David Warner during the 2015 Cricket World Cup match between Australia and Scotland at Bellerive Oval on March 14, 2015 in Hobart, Australia.

Australia has pumped the recently crowned T20 world champions England 3-0 after a dominant display with bat and ball.

Here is the series wrap.


Game 1 – Australia won by 6 wickets

England – 287/9

Australia – 291/4

Player of the Match – Dawid Malan, 0/12 (1.5 overs) & 134 (128 balls).

Game 2 – Australia won by 72 runs

Australia – 280/8

England – 208/10

Player of the Match – Mitchell Starc, 0 (1 ball) & 4/47 (8 overs).

Game 3 – Australia won by 221 runs

Australia – 355/5

England – 142/10

Player of the Match – Travis Head, 152 (130).

Player of the Series – David Warner, one century, 208 runs in total.

Three things we learnt

  1. David Warner and Travis Head's partnership works

Warner attributed much of the success due to the similarities between himself and Travis Head.

“I think we both play quite similar, we take the game on,” Warner said post game one.

Game 1 and 3 saw the obvious successes in their blossoming opening partnership. Game 1 saw an 147-run stand between the two, Warner scoring 86 from 84 and Head scoring 69 from 57.

Game 3 saw an MCG ODI record opening stand from the pair, scoring 269 as a duo. 152 from 130 from Head and 106 from 102 from Warner sent England to their worst-ever ODI defeat.

The aggression was palpable from the duo, pummelling 57 total boundaries in the series. Head, often batting at five in the test team looks to have solved the tricky puzzle of a good opener.

Australia has often chopped and changed openers around Warner, therefore this positive start to their combination will tick some boxes for the team going forward.

CANBERRA, AUSTRALIA - DECEMBER 06: Travis Head of Australia celebrates and acknowledges the crowd after scoring a half century during game two of the One Day International series between Australia and New Zealand at Manuka Oval on December 6, 2016 in Canberra, Australia. (Photo by Mark Metcalfe/Getty Images)

2. England bowlers too 'samey'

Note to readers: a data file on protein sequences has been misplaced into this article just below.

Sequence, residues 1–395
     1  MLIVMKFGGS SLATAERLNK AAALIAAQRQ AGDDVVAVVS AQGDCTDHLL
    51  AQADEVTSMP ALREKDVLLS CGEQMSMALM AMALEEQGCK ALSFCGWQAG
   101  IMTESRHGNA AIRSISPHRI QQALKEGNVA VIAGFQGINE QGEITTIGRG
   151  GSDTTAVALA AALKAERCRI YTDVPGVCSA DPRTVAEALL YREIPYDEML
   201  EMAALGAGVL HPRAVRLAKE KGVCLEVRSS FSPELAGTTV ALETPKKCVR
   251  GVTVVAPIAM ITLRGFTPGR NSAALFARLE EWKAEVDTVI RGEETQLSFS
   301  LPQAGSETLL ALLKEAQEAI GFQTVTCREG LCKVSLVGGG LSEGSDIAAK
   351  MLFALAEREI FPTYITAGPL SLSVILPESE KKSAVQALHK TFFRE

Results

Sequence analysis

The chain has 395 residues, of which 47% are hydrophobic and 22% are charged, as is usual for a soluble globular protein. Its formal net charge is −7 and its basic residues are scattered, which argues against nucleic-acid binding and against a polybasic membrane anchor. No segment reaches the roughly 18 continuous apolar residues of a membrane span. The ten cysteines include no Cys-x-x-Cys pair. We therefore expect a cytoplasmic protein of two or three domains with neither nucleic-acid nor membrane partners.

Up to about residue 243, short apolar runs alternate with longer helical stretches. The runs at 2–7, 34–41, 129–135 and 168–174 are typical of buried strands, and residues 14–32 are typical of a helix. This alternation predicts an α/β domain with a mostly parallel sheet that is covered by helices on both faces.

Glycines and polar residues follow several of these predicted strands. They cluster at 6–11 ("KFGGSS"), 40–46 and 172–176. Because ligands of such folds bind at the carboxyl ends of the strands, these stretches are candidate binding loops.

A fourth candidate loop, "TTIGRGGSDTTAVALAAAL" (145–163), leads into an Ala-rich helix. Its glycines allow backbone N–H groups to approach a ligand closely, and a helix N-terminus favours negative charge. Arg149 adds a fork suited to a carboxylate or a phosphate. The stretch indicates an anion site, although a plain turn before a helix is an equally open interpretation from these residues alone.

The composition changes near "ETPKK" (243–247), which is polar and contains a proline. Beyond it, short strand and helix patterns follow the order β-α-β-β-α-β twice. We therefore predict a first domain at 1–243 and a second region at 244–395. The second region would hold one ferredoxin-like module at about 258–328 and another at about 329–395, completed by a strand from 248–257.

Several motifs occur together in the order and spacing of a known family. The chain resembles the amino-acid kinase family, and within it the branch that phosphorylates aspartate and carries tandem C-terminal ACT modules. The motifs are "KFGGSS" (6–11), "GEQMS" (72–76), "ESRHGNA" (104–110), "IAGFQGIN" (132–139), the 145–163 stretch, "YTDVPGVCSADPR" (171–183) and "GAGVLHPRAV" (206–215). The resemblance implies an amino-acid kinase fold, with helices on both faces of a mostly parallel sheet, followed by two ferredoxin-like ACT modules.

One of the burning questions leading into the series was, 'will the England bowlers perform?'

That question was answered resoundingly no. A comparison between spinners Adil Rashid and Liam Dawson provides some insight into this 'samey' bowling.

Rashid only appeared in the second game taking 3/57, dismissing Steve Smith, Marnus Labuschagne and Alex Carey and did so bowling aggressively and with variety. Whereas, Liam Dawson would often bowl the same ball over and over with the same trajectory. This possibly was for damage limitation and for economical figures.

There is a time and place for that, but with bowling figures of 2/188 of his 30 overs for the series, it outlines why England were unsuccessful. A lack of variety and aggression can make someone predictable, meaning batters can keep the scoreboard constantly ticking.

Photo: Michael Steele.

3. Steve Smith a changed batter

Steve Smith spoke of his changes in technique at the crease.

“I've been working on a few things, it's almost been a six-month or 12-month process,” Smith said.

“I feel like I'm staying a bit more side-on now and I've got my feet and hands in sync together.”

Smith made adjustments to his overall batting technique, noticeably with his footwork. His significant back and across stride once a feature of his batting is no longer the forefront of his technique.

Less foot movement and his coordination between his feet and hands resulted in a great display, scoring 80 off 78, 94 off 114 and 21 off 16. Smith strived at the crease when he had more time out in the middle, his 21 coming off the back of a mammoth opening partnership.

Australian Steven Smith plays a shot during the T20 cricket match between South Africa and Australia at the Wanderers stadium in Johannesburg, South Africa on March 6, 2016. STRINGER/AFP/Getty Images

Moving forward, Australia has a two-match Test series against the West Indies starting on November 30.

For England, they start preparing for a three-match Test series against Pakistan starting on December 1.